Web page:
I’m a PhD candidate in statistics advised by Daniel Roy at the University of Toronto, supported by the Vector Institute and an NSERC Doctoral Canada Graduate Scholarship. I received my BSc in financial mathematics from Western University in 2018.
My research area is broadly statistical machine learning, with a focus on theoretical performance guarantees for sequential decision making. Some problems I’m currently thinking about are:
Adaptivity: How can we characterize the difficulty of learning data beyond classical stationary dependence structures and design algorithms that adapt to these difficulty notions?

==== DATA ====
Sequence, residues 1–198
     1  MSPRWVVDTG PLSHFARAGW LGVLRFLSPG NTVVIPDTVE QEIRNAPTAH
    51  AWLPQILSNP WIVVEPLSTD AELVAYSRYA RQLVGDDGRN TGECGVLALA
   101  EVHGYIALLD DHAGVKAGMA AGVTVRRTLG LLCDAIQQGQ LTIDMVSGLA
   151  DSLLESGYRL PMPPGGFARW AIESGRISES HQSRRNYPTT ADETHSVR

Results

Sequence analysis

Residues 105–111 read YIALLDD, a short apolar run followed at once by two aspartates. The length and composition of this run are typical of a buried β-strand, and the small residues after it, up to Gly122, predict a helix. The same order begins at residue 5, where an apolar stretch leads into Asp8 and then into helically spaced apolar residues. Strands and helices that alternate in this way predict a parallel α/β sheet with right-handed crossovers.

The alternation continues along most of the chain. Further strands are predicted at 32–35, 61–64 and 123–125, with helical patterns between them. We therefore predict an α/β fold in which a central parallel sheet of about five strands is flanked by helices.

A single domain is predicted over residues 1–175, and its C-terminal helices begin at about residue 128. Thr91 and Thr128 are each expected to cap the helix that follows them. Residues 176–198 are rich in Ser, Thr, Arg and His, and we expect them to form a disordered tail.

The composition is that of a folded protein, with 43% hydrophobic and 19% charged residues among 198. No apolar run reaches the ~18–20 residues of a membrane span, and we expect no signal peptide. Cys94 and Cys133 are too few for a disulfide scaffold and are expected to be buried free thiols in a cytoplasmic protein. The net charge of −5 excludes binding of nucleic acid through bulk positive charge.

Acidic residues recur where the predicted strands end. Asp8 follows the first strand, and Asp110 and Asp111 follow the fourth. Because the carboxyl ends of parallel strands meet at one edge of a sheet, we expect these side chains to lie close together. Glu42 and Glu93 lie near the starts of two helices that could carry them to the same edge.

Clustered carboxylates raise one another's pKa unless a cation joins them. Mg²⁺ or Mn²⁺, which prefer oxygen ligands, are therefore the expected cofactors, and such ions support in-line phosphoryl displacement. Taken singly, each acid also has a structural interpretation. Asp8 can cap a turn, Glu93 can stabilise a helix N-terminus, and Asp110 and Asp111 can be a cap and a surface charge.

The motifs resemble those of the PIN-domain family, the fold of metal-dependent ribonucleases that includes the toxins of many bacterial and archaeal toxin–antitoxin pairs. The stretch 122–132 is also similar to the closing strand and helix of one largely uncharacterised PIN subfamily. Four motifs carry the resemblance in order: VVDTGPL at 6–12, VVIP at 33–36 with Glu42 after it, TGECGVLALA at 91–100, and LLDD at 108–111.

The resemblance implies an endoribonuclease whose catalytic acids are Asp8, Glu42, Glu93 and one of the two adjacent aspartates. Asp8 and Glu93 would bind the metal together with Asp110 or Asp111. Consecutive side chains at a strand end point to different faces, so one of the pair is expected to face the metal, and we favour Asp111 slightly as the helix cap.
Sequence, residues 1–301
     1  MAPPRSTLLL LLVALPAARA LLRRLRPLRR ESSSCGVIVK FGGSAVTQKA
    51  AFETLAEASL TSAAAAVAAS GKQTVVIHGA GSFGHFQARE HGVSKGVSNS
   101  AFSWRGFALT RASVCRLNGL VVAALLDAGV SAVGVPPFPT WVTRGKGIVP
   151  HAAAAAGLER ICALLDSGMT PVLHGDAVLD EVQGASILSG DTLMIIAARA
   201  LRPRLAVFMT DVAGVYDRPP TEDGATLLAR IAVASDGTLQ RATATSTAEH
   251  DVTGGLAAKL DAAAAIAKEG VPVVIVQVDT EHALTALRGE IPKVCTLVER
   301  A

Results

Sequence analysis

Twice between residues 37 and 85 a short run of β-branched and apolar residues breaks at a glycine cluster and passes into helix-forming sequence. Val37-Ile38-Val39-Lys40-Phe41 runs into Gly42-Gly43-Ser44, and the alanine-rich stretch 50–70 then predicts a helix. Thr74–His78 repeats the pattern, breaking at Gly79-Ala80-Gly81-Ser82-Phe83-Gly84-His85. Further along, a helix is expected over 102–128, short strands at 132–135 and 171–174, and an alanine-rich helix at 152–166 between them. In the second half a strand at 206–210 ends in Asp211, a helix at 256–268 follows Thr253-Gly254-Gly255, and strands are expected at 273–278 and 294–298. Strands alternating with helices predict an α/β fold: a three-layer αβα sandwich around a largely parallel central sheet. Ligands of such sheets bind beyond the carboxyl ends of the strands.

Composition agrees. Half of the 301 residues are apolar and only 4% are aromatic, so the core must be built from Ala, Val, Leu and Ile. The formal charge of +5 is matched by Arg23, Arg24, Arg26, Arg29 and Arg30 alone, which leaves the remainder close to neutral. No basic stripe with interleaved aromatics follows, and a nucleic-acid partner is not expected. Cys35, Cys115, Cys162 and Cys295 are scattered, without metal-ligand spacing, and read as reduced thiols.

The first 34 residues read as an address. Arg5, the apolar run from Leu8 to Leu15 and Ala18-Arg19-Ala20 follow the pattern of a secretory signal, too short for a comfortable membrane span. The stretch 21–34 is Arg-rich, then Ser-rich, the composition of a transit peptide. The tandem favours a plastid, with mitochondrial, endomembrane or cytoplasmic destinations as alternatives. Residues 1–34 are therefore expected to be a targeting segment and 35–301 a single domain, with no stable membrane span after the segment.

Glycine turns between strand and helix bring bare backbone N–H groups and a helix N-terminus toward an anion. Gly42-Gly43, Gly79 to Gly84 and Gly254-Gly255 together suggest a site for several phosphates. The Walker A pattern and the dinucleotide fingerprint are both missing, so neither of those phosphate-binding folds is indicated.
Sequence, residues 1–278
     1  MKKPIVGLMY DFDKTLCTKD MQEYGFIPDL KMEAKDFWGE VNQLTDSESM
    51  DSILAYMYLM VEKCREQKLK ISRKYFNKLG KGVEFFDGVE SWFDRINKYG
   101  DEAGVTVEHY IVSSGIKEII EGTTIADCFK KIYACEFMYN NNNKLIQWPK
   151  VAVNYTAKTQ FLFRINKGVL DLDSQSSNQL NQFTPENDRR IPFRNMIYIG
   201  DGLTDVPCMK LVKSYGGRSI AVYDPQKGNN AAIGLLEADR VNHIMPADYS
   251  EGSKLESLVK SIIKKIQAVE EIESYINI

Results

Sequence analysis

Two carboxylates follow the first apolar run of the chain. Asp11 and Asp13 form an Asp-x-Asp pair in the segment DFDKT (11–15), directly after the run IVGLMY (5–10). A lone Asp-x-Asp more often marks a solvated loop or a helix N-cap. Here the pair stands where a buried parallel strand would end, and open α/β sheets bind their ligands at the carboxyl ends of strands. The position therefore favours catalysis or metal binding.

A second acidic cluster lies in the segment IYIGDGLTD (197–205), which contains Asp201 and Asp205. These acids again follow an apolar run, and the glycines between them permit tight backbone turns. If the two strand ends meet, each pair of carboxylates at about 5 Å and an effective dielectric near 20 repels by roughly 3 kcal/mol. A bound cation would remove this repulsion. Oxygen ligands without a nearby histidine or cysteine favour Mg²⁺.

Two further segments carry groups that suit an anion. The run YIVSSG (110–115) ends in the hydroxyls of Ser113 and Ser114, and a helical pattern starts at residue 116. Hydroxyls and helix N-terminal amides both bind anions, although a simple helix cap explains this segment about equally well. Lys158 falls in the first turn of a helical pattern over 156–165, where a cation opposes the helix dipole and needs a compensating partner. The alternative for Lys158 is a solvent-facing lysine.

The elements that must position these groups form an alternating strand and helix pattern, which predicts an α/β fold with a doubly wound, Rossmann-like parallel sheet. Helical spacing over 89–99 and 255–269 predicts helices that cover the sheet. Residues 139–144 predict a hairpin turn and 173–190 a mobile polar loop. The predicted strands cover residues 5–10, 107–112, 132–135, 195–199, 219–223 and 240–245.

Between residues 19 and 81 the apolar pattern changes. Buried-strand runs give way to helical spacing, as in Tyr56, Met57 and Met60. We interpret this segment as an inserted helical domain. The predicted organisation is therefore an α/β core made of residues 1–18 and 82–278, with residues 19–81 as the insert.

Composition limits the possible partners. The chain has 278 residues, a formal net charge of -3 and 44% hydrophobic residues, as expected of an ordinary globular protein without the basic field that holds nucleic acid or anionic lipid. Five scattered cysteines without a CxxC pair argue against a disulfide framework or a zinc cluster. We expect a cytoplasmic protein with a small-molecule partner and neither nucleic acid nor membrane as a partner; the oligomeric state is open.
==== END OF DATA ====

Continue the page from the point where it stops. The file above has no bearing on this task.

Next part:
Statistical Complexities: Existing notions of predictor and algorithm complexity may be vacuous or suboptimal for modern machine learning systems. What are the right notions of complexity that lead to matching theoretical guarantees on empirical performance?
Transfer Learning: Empirical performance has far outpaced the theory of learning data with few or no labels and using this data to make predictions on out-of-distribution data. What are the correct theoretical formalizations of these tasks that result in sample complexity guarantees representative of empirical performance?
To view my curriculum vitae, click here.
*denotes equal contribution